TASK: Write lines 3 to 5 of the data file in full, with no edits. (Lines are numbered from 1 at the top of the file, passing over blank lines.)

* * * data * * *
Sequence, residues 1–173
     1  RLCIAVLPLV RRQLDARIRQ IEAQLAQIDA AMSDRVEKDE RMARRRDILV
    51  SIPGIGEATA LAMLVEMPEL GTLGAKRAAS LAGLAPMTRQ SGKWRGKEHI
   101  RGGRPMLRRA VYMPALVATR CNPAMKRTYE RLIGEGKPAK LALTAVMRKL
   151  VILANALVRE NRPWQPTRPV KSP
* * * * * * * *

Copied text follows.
    51  SIPGIGEATA LAMLVEMPEL GTLGAKRAAS LAGLAPMTRQ SGKWRGKEHI
   101  RGGRPMLRRA VYMPALVATR CNPAMKRTYE RLIGEGKPAK LALTAVMRKL
   151  VILANALVRE NRPWQPTRPV KSP